We want every single person that steps into the Poetry Booth to feel like they are in a comfortable and intimate space where they can showcase their best creative self. We would also like poets to use Poetry Booth Sessions as an opportunity to experiment with their delivery. Physically, they get to take away an audio and visual recording they can use for their personal/professional use. Every one on the Poetic impact team are either poets, photographers/filmmakers or all of the above so we are all invested in the project and growing together with every session we run. As well as taking away an experience of sharing poetry and networking, we would love for artists partaking in poetry booth sessions to feel a sense of community and great vibes.

Studio3Arts is set in such a tranquil area of East London. Can you tell us what made you choose them as the place to execute the project?

We all grew up in Barking, where Studio3Arts is based. They run various arts based programmes for young people which some of us have been involved in the past. They bring creative people together and empower people using the arts. It just made sense for them to be our first port of call for something like that and we were so happy they agreed. Studio KM, the recording studio we use at Studio3arts is very special to us as it named in memory of a local talented musician and friend. He spent a lot of time in that studio chasing his artistic dreams and encouraging other artists. We are now doing the same and honouring him with that act.

What has been one favourite memory so far during recording?

F: My personal favourite memory was when the three of us went to Nando’s after our first Poetry Booth sessions. We were so stressed out about it because we started a little later than planned but after everyone finished recording, we just went and ate chicken. We talked about how fun it was and how easy everything was in terms of setting up. That was my big worry and I’m glad everything went well.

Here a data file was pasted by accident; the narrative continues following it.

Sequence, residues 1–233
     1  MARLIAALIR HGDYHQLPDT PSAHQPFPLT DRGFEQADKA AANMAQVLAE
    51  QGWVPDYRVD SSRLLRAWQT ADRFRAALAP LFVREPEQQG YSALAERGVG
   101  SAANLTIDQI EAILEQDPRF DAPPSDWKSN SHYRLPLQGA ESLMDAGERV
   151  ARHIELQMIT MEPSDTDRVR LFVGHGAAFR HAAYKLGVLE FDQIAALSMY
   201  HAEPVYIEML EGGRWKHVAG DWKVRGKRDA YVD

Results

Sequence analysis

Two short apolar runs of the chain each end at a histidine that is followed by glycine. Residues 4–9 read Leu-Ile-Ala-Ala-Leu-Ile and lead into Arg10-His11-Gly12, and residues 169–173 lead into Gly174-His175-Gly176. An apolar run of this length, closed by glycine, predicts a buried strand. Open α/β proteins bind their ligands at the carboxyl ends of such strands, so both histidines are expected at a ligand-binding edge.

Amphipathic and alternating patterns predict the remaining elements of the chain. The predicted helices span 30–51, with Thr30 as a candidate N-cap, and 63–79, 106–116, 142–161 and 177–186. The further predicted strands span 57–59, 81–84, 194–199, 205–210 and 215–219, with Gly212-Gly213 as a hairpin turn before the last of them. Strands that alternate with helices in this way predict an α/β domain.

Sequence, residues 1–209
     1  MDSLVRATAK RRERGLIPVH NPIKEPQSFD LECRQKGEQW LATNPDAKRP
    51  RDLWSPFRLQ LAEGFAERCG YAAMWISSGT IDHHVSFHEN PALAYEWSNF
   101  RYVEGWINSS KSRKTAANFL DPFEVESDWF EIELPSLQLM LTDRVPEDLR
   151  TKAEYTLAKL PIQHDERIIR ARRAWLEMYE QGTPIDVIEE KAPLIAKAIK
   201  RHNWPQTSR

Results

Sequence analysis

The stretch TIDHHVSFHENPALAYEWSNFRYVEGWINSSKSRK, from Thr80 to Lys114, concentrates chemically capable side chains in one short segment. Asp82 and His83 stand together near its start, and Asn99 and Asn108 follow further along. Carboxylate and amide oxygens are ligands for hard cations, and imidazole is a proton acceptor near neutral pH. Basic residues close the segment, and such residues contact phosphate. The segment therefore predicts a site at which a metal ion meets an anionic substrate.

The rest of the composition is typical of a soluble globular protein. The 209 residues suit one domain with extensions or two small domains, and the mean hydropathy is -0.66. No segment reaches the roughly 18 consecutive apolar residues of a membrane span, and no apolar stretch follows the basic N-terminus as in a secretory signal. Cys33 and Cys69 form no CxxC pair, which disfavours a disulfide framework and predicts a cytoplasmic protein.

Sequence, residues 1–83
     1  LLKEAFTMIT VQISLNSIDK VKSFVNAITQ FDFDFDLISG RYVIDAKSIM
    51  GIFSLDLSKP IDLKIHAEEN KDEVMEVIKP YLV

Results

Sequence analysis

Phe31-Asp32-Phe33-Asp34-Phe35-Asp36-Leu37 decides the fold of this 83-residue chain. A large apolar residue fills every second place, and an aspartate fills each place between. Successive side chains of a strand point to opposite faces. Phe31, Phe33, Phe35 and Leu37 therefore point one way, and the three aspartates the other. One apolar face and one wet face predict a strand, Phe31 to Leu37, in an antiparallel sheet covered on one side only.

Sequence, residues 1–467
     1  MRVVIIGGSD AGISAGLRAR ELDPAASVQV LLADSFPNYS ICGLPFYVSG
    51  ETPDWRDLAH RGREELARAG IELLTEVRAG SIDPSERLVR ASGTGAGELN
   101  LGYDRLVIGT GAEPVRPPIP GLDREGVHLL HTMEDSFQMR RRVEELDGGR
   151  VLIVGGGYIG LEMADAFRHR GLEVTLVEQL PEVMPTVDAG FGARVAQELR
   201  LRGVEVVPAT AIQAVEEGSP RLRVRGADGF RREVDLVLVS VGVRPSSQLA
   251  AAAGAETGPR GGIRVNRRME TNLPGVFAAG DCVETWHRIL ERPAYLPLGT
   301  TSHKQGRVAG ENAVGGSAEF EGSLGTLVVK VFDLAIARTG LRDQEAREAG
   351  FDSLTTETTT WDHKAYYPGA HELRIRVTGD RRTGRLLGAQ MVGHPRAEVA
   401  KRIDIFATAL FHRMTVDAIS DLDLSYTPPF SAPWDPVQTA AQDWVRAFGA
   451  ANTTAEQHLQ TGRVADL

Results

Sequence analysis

C: Our first ever session. It was a mixture of joy and anxiety. We started later than planned; our fairy lights died and we had last minute cancellations due to unforeseen circumstances. But we had amazing poets with good vibes and had a cheeky celebratory meal after.

T: My favourite memory is of our first ever session, so much nervousness but along with laughter and good vibes! It was the most happiest I have felt on a Saturday morning. Doing something I love!

If you’d like to get involved with Poetic Impact, you can contact them through

Youtube: Poetic Impact

Facebook: Poetic Impact

Twitter: @poetic_impact

Instagram: @poetic_impact

Published by troycabida

Troy Cabida (he/him) is a Filipino poet and producer based in south west London. His recent poems have appeared in TAYO Literary Magazine, harana poetry, MacMillan and bath magg. He is a producer for London open mic night Poetry and Shaah and co-founder of Liwayway Kolektibo, an arts and culture network providing space for UK-based Filipino/a/x creatives. His debut pamphlet, War Dove, was published by Bad Betty Press in 2020. Photo taken by Ray Roberts.